I talked to my doctor about this and we came to the conclusion that cataract surgery was a good starting point. It wouldn’t cure me, but it might bring me back into better balance because it would replace my naturally bad lens. They didn’t have to wait for the cataract to ripen like last time because of the mental anguish. But they did have to find a way to strengthen the cornea first, since the surgeon would have to go through that layer in order to replace the lens and they didn’t want to aggravate the Keratoconus.

I went through an experimental (at least in the US) treatment called Collagen Cross Linking (CXL). As far as I understand, there are two versions of this, surgical where they remove a layer of the cornea and non-surgical where they don’t.  Either way, they douse your eye in Vitamin B for an hour and then expose it to ultraviolet light for 30 minutes. I had the non-surgical kind, but after sitting the chair for a couple of hours, I felt like a smooshed pretzel.

At first I was a little skeptical that the treatment had worked and I was willing to accept that.I had been living with my condition for 12 years since being diagnosed. I figured if I was going to be the failure, at least I would give the doctors a time limit of effectiveness.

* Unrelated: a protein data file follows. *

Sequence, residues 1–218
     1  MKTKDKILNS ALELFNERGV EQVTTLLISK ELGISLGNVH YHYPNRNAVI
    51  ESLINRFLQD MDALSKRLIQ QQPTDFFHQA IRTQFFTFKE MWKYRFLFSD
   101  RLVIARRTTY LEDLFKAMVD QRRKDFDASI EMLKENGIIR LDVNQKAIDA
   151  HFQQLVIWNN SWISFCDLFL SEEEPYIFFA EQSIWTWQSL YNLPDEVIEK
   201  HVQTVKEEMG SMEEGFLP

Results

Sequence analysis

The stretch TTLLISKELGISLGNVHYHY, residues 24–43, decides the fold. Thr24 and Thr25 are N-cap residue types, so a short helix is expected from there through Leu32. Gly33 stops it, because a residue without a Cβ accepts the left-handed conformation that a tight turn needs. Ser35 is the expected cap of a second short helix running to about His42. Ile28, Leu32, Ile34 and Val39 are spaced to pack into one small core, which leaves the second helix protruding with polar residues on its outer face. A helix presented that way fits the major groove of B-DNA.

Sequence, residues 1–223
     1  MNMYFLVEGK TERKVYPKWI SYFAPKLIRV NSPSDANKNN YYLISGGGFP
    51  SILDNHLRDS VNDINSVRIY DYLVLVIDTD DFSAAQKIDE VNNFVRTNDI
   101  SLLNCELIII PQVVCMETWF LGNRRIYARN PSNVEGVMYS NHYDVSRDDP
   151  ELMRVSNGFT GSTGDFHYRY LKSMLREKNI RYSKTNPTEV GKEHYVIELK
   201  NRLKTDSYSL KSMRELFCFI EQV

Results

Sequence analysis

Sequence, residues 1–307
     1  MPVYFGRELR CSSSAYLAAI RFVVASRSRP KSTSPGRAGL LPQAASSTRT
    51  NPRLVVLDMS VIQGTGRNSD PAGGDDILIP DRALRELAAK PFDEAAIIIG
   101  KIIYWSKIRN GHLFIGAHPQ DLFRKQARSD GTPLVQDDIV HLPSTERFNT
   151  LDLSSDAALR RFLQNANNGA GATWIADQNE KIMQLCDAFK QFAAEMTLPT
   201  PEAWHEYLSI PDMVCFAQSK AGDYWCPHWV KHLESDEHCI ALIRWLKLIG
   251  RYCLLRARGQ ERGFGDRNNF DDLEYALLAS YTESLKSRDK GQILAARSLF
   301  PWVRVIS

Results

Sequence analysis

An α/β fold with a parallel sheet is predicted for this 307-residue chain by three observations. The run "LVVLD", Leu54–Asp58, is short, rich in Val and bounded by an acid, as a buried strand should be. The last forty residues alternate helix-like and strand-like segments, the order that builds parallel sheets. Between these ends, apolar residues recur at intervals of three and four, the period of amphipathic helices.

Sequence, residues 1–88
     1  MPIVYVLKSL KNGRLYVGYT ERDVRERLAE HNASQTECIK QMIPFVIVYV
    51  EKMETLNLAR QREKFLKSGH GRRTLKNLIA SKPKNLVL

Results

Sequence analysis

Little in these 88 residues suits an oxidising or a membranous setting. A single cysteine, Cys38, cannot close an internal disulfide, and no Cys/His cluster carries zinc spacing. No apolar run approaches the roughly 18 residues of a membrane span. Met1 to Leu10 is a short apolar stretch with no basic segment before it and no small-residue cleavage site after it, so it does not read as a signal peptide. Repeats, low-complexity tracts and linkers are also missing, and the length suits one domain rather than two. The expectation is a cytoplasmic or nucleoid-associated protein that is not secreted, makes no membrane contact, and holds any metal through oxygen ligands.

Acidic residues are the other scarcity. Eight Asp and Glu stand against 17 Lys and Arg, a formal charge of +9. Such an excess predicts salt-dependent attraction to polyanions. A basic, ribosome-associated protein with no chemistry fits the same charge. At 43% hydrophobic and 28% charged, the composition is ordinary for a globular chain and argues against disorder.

Well, the treatment worked. I ended up having surgery on my left eye a little over a week ago. Of course, I wasn’t expecting the miracle that I had gotten in my right. I just wanted to be able to see clearly. But I didn’t get that. What I got was apparently the same vision that I had before the surgery. Or so I thought.

Turns out the Keratoconus was still playing its normal havoc. They can get around this by doing what’s known as a pinhole test. Using this method, I was able to guess one letter on the 20/70 line for the first time in my life with my left eye during my second follow up appointment. Vast improvement?  For that left eye, most definitely.

Now, I’m just waiting and healing to see what the final results will be. I”ll still have to wear contacts to see clearly with both eyes (though there might be a small possibility the right one won’t need one). Getting refitted for those in a few weeks. The prescription will definitely be different, lighter actually because the internal lenses will carry most of the load. It’ll be interesting to see (no pun intended, again) exactly what my rating will be. Of course, I’m hoping for the 20/70, at least.